Author: Rainald Schumacher --- Date: 10/01/96 --- Copyright: ThingReviews NYC

Antonin Artaud

Works on Paper

MOMA, New York

Oct.3,1996 - Jan.7,1997

"Jamais reel et toujours vrai ..."

Near the end of World War II, confined in the psychiatric hospital of Rodez south of Paris, Antonin Artaud received over a period of nineteen months a series of fifty-one electroshocks.

The war took place inside his own body. He lived his life fighting with himself. He took drugs, in his last years, large doses of heroin, chloral hydrate and cocain--to combat the real pain of his as-yet undiscovered rectal cancer. His writings mirror the hallucinatory feelings of his organs spewing themsevles out and his skin melting inward. Artaud is the body when it nolonger has boundaries--but takes part in the everlasting alchemistic fountain of Dasein-on-drugs. In that moment his bioglyphic organs-without-bodies spill into our present condition of electronic doubles and plagues.

The drawings from the last years of his battered life point to his loss of faith in language, of his belief in language to engage his pain and the world's. As he wrote in 1947 in a letter to Andre Breton--society doesn't understand language anymore--only bombs, machine guns, and all that follows. For Artaud society became a spasm of battles outside the theater of language and only lines and shadows could trace out the wounds of Western Culture.

The exhibition has been organized by Margit Rowell, Chief Curator, Department of Drawing and is accompanied by an excellent catalogue and an intense series of Artaud-related programs.

Rainald Schumacher

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Joseph Nechvatal --

MANIFESTO IN CLEAR LANGUAGE by Antonin Artaud for Roger Vitrac If I believe neither in Evil nor in Good, if I feel such a strong inclination to destroy, if there is nothing in the order of principles to which I can reasonably accede, the underlying reason is in my flesh. I destroy because for me everything that proceeds from reason is untrustworthy. I believe only in the evidence of what stirs my marrow, not in the evidence of what addresses itself to my reason. I have found levels in the realm of the nerve. I now feel capable of evaluating the evidence. There is for me an evidence in the realm of pure flesh which has nothing to do with the evidence of reason. The eternal conflict between reason and the heart is decided in my very flesh, but in my flesh irrigated by nerves. In the realm of the affective imponderable, the image provided by my nerves takes the form of the highest intellectuality, which I refuse to strip of its quality of intellectuality. And so it is that I watch the formation of a concept which carries within it the actual fulguration of things, a concept which arrives upon me with a sound of creation. No image satisfies me unless it is at the same time Knowledge, unless it carries with it its substance as well as its lucidity. My mind, exausted by discursive reason, wants to be caught up in the wheels of a new, an absolute gravitation. For me it is like a supreme reorganization in which only the laws of illogic participate, and in which there triumphs the discovery of a new Meaning. This Meaning which has been lost in the disorder of drugs and which presents the appearance of a profound intelligence to the contradictory phantasms of the sleep. This Meaning is a victory of the mind over itself, and although it is irreducible by reason, it exists, but only inside the mind. It is order, it is intelligence, it is the signification of chaos. But it does not accept this chaos as such, it interprets it, and because it interprets it, it loses it. It is the logic of illogic. And this is all one can say. My lucid unreason is not afraid of chaos. I renounce nothing of that which is the Mind. I want only to transport my mind elsewhere with its laws and organs. I do not surrender myself to the sexual mechanism of the mind, but on the contrary within this mechanism I seek to isolate those discoveries which lucid reason does not provide. I surrender to the fever of dreams, but only in order to derive from them new laws. I seek multiplication, subtlety, the intellectual eye in delirium, not rash vaticination. There is a knife which I do not forget. But it is a knife which is halfway into dreams, which I keep inside myself, which I do not allow to come to the frontier of the lucid senses. That which belongs to the realm of the image is irreducible by reason and must remain within the image or be annihilated. Nevertheless, there is a reason in images, there are images which are clearer in the world of image-filled vitality. There is in the immediate teeming of the mind a multiform and dazzling insinuation of animals. This insensible and thinking dust is organized according to laws which it derives from within itself, outside the domain of clear reason or of thwarted consciousness or reason. In the exalted realm of images, illusion properly speaking, or material error, does not exist, much less the illusion of knowledge: but this is all the more reason why the meaning of a new knowledge can and must descend into the reality of life. The truth of life lies in the impulsiveness of matter. The mind of man has been poisoned by concepts. Do not ask him to be content, ask him only to be calm, to believe that he has found his place. But only the madman is really calm.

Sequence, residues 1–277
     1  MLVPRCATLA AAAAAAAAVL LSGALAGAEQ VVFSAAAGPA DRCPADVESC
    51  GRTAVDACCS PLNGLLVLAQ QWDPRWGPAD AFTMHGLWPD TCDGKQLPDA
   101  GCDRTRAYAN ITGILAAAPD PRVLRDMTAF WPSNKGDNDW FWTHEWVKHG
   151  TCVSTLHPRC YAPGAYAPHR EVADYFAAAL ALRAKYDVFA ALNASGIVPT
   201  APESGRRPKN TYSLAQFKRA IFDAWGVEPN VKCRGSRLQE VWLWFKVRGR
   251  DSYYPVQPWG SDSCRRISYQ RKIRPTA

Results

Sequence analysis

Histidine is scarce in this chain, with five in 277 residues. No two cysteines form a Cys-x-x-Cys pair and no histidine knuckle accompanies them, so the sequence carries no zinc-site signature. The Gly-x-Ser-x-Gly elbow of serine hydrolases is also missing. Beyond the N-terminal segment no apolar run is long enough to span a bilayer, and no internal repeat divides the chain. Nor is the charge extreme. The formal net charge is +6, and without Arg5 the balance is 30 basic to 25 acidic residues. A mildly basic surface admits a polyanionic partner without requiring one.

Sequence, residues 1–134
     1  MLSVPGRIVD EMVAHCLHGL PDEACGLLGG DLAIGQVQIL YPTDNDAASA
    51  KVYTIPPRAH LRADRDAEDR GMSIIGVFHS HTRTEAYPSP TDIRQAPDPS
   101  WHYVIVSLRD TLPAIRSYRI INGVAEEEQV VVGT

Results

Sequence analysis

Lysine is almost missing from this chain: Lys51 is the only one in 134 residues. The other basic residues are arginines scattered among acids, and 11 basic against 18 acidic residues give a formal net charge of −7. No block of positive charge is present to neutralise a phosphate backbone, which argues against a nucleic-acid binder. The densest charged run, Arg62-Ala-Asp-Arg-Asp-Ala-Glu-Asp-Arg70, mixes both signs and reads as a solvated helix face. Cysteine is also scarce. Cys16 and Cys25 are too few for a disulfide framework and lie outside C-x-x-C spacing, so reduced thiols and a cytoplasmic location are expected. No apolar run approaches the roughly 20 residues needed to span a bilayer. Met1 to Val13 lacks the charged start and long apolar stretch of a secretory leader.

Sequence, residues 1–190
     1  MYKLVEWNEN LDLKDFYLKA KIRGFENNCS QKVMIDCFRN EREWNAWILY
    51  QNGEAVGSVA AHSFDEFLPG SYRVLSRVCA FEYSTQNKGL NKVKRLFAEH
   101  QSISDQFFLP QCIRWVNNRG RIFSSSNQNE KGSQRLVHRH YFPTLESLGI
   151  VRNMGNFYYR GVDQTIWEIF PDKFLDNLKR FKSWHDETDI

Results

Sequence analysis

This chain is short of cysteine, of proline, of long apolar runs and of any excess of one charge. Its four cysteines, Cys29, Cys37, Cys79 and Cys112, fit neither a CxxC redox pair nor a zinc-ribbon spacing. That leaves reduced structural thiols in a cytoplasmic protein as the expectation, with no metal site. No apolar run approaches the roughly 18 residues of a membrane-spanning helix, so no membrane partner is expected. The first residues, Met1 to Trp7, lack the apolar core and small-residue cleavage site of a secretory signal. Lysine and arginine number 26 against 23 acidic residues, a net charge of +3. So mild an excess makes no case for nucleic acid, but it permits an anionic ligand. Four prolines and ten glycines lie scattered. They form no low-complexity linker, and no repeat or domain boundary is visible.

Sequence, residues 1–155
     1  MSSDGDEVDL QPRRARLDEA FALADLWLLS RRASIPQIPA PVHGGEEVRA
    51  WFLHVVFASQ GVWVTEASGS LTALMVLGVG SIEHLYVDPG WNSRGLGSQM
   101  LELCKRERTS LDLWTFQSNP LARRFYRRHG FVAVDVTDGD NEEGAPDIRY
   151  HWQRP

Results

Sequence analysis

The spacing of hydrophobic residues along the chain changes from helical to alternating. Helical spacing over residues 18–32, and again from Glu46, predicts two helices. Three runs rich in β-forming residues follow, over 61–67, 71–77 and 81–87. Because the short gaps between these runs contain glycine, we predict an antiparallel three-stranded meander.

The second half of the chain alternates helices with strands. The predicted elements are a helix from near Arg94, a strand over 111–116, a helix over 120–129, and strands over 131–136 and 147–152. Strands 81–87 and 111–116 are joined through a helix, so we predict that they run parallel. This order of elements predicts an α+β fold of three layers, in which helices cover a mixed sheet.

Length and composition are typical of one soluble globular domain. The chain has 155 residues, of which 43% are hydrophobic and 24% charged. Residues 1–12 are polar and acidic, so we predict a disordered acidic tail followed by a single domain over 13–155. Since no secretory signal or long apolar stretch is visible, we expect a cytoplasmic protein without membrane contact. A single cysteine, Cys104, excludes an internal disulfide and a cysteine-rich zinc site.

Cezaris --